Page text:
Dépôt numérique

Assessing tree-ring carbon and oxygen stable isotopes for climate reconstruction in the Canadian northeastern boreal forest.

Bégin, Christian; Gingras, Mathieu; Savard, Martine M.; Marion, Joëlle; Nicault, Antoine; Bégin, Yves (2015). Assessing tree-ring carbon and oxygen stable isotopes for climate reconstruction in the Canadian northeastern boreal forest. Palaeogeography, Palaeoclimatology, Palaeoecology , vol. 423 . p. 91-101. DOI: 10.1016/j.palaeo.2015.01.021.

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In this study, we analyzed stable isotopes of oxygen (δ¹⁸O) and carbon (δ¹³C) of five black spruce (Picea mariana (Mill.) BSP) trees growing in the Québec boreal forest. We then produced the first dendroisotopic series covering the last two centuries (1800-2003) for this region where climatic records are particularly scarce and of short duration. Our aim was to evaluate the isotope sensitivity to climate and their potential as proxies for past climate conditions. The δ¹⁸O results show a strong coherence between all trees indicating that these values express a homogenous response at the site scale. For the δ¹³C series, slight inter-tree differences suggest the influence of micro-site conditions. Isotopic values were compared to climatic data for the period 1944-2003. These statistical analyses indicate that the δ¹³C and δ¹⁸O ratios are directly influenced by summer maximum temperatures but also correlate with parameters that integrate temperatures and moisture status. In all cases, the climate effects on δ¹³C values are weaker than the ones recorded by the δ¹⁸O series. Moreover, because the δ¹⁸O and δ¹³C values are sensitive to climatic variables that are linked and commonly associated in typical subarctic climate ambiances (warm-dry, cold-wet), the patterns of their joint response show stronger correlations with climatic parameters. Then, a temperature reconstruction was developed based on a regression model that calibrates the combined δ¹³C and δ¹⁸O series against summer maximum temperature (TmaxJJA). The reconstructed summer temperatures indicates that the first half of the 19th century was the coldest period in the past 200 years and that a steadily change throughout milder conditions started in the early 1940’s. These trends are consistent with other reconstructed values from independent proxies available for the same region. This research confirms that C and O dendroisotopic series of black spruce trees in high latitudes can document adequately past climatic conditions.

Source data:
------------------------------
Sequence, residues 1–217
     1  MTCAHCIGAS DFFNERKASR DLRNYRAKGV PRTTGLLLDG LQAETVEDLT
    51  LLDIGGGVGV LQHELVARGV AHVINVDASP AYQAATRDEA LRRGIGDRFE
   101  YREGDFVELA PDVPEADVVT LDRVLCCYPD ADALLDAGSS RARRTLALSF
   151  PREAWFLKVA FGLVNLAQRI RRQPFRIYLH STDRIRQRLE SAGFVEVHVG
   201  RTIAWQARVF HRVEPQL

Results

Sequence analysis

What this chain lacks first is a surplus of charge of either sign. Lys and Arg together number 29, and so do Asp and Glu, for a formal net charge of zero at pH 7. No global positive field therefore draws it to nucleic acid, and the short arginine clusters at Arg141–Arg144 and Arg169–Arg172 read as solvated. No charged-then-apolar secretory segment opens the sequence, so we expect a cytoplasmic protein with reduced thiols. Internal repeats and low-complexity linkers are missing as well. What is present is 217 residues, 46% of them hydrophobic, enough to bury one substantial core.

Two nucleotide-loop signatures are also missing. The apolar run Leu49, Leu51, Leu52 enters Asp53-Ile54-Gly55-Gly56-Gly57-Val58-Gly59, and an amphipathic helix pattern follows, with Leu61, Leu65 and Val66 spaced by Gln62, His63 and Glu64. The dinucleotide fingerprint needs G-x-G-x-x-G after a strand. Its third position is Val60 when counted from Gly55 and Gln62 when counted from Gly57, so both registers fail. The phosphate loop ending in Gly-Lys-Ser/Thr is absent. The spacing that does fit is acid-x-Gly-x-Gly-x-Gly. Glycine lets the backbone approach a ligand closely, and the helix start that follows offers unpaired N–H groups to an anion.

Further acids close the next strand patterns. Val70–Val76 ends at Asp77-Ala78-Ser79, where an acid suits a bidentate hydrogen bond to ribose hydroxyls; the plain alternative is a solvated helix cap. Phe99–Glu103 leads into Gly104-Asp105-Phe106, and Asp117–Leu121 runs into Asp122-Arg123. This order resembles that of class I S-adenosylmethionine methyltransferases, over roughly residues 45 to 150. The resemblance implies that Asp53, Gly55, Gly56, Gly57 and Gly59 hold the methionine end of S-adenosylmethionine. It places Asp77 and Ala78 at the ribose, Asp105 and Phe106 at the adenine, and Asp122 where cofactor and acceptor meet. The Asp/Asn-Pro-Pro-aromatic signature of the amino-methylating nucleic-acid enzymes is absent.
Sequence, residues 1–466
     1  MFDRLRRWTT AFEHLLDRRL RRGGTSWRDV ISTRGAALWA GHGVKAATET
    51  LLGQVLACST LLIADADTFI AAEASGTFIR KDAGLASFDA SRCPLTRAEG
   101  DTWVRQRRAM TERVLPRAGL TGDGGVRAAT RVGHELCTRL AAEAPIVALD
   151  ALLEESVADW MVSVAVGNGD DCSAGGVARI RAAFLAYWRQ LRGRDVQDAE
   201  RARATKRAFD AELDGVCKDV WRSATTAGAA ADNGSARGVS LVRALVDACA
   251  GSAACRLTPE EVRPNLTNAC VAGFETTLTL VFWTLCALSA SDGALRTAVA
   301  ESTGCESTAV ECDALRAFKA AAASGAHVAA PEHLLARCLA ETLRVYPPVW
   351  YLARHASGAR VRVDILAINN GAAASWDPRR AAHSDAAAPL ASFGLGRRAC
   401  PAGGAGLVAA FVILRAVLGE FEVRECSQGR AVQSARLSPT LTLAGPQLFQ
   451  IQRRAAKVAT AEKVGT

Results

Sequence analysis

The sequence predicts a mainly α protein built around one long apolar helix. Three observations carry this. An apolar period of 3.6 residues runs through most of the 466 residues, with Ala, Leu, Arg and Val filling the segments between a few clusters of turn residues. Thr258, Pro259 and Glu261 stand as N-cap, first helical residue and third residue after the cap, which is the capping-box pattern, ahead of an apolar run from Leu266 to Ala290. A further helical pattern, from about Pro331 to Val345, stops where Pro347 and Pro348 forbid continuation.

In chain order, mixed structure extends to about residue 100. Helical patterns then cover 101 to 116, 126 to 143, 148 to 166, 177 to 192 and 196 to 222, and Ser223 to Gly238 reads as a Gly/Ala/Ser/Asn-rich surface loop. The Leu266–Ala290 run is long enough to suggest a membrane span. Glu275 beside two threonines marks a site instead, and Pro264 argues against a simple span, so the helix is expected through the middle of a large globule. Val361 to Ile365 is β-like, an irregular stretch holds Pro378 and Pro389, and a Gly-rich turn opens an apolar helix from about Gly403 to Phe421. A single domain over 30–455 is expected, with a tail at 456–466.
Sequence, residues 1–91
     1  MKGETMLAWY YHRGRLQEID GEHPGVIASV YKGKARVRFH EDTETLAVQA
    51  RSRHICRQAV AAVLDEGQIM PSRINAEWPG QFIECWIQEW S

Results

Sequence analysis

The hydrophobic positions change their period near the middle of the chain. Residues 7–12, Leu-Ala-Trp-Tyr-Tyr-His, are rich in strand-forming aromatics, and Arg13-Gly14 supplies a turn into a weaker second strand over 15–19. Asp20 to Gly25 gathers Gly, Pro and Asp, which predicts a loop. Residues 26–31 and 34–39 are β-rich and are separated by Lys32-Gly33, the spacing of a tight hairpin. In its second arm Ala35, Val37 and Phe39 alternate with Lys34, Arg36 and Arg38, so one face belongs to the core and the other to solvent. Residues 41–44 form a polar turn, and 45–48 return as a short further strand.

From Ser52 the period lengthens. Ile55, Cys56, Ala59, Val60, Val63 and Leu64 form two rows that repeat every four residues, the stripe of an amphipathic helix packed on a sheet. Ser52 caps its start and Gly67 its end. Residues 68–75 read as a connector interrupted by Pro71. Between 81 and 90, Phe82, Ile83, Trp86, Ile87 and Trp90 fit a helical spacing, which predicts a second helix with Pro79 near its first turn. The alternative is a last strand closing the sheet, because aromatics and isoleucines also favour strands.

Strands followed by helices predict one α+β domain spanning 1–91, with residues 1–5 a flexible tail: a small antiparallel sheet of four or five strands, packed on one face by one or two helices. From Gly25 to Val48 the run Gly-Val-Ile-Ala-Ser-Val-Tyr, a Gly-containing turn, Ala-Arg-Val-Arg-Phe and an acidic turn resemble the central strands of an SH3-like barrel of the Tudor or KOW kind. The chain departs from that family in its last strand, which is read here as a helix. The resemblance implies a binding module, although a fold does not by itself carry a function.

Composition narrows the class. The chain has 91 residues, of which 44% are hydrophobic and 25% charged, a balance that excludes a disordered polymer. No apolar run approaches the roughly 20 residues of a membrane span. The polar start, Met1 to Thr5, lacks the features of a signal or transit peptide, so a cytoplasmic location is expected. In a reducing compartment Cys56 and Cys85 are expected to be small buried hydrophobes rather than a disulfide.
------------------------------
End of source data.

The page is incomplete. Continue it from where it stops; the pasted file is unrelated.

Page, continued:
Type de document: Article
Mots-clés libres: black spruce; stable isotopes; tree-rings; dendroclimatology; boreal forest
Centre: Centre Eau Terre Environnement
Date de dépôt: 19 avr. 2018 18:14
Dernière modification: 19 avr. 2018 18:14
URI: http://espace.inrs.ca/id/eprint/3802

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